Fall 2019 - ECON 342 D100
International Trade (3)
Class Number: 2884
Delivery Method: In Person
Course Times + Location:
Tu 2:30 PM – 4:20 PM
BLU 9660, Burnaby
Exam Times + Location:
Dec 13, 2019
3:30 PM – 6:30 PM
SWH 10081, Burnaby
Prerequisites:ECON 103 or 200 and 105 or 205; 60 units or permission of the department.
Topics discussed in this course are: gains from trade in a classical world; the modern theory of international trade; factor price equalization; empirical tests and extensions of the pure theory model; economic growth and international trade; the nature and effects of protection; motives and welfare effects of factor movements; multinational enterprises; the brain drain; customs union theory; pollution control and international trade. Students with credit for ECON 442 cannot take this course for further credit. Quantitative.
This course is concerned with the microeconomic aspects of international trade. First, we will consider the determinants of trade. Why do countries trade? Second, we will examine how trade affects the distribution of real income in the economy. Finally, we will consider policies that countries use to influence trade, such as tariffs and quotas, and their impact on a country’s welfare.
- Midterm exam 35%
- Final exam 50%
- Tutorial participation and assignments 15%
Krugman, P., Obstfeld, M. and Melitz, M. Custom MyLab Economics with Pearson eText -- Access Card -- for International Trade: Theory and Policy. 11th Edition, 2017. ISBN 978-1323804544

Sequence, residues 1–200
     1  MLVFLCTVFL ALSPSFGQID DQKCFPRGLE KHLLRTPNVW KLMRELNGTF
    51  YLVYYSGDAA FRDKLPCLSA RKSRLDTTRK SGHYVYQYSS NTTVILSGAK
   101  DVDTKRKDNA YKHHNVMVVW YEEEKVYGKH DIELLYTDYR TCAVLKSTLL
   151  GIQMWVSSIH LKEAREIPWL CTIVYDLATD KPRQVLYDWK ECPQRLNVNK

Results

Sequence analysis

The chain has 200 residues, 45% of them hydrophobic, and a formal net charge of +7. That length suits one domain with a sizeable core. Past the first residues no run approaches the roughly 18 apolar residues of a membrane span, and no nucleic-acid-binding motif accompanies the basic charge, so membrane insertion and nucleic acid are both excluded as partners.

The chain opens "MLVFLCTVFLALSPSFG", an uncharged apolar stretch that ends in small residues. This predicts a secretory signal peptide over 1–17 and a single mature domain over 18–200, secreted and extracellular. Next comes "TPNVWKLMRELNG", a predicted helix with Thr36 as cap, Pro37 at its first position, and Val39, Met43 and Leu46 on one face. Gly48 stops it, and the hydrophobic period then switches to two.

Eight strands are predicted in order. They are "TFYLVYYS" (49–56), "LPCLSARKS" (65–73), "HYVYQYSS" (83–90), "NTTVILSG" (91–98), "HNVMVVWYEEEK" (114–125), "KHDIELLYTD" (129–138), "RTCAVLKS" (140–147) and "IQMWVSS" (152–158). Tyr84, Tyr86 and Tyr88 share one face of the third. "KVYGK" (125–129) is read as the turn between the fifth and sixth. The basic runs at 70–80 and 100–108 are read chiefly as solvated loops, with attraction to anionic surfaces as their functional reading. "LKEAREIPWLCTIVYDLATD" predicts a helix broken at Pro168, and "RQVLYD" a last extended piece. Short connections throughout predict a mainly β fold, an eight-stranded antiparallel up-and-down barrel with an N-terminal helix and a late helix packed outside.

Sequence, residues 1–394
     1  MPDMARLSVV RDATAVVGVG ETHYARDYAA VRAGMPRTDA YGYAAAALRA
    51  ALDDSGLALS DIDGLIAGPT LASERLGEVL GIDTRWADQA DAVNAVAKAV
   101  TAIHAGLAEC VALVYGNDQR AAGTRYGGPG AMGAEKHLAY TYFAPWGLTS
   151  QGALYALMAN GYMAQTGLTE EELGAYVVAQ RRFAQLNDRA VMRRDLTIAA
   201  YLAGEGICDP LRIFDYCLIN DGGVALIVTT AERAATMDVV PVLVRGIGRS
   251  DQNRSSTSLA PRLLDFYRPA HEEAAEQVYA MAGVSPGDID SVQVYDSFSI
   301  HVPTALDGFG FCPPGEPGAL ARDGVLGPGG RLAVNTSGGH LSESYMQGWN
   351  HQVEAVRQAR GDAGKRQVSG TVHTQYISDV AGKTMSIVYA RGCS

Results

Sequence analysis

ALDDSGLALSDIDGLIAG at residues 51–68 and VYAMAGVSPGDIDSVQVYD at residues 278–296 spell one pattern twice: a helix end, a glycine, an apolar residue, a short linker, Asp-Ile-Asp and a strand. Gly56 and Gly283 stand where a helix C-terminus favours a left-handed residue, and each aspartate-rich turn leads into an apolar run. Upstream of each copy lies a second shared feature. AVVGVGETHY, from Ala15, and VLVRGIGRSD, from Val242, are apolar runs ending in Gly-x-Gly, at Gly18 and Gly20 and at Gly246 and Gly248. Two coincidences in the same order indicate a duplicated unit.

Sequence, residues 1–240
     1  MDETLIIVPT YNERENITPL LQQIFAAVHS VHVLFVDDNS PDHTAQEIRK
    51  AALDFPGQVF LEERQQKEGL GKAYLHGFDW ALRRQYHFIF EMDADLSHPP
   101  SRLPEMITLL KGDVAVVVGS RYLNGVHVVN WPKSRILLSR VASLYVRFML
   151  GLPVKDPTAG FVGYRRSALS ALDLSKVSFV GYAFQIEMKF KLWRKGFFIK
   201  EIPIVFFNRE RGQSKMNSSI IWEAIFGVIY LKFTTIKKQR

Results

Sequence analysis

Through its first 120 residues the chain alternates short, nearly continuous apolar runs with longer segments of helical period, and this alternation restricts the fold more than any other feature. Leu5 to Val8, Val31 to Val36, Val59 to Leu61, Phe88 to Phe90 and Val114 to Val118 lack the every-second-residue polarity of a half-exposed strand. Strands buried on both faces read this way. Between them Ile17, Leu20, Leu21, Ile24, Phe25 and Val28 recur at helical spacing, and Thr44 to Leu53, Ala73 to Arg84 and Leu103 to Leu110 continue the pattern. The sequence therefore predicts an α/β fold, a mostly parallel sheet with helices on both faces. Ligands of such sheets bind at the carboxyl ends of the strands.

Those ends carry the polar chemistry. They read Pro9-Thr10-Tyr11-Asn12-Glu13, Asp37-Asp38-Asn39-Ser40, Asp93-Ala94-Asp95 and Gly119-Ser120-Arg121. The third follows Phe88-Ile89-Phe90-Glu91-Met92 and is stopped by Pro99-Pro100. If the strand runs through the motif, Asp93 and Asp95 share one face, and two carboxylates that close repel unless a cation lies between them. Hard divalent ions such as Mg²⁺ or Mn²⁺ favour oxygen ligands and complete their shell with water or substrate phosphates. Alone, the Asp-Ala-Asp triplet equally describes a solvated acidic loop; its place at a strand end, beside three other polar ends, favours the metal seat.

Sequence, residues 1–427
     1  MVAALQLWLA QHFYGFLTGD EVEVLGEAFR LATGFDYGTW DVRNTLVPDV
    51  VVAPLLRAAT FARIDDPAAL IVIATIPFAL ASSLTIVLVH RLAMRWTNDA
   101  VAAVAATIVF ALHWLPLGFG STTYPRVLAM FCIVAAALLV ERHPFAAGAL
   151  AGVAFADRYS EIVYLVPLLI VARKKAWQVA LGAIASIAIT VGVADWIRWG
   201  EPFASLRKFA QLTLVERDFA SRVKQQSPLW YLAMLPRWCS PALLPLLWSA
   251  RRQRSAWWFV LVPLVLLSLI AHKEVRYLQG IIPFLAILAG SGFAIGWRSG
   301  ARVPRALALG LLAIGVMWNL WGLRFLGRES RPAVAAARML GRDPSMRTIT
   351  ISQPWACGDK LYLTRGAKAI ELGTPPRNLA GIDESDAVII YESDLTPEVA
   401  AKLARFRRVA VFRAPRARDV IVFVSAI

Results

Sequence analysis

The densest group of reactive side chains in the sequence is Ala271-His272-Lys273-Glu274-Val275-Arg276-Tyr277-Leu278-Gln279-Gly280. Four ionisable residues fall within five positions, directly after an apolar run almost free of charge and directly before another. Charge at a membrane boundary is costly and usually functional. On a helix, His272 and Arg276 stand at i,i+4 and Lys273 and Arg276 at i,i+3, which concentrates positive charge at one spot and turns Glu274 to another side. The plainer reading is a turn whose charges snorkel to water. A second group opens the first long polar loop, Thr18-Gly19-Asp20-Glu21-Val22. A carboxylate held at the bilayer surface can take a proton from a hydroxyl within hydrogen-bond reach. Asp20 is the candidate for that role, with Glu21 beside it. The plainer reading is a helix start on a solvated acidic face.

Department Undergraduate Notes:
***NO TUTORIALS DURING THE FIRST WEEK OF CLASSES***
Students requiring accommodations as a result of a disability must contact the Centre for Accessible Learning (CAL) at 778-782-3112 or firstname.lastname@example.org.
SFU’s Academic Integrity web site http://www.sfu.ca/students/academicintegrity.html is filled with information on what is meant by academic dishonesty, where you can find resources to help with your studies and the consequences of cheating. Check out the site for more information and videos that help explain the issues in plain English.
Each student is responsible for his or her conduct as it affects the University community. Academic dishonesty, in whatever form, is ultimately destructive of the values of the University. Furthermore, it is unfair and discouraging to the majority of students who pursue their studies honestly. Scholarly integrity is required of all members of the University. http://www.sfu.ca/policies/gazette/student/s10-01.html
ACADEMIC INTEGRITY: YOUR WORK, YOUR SUCCESS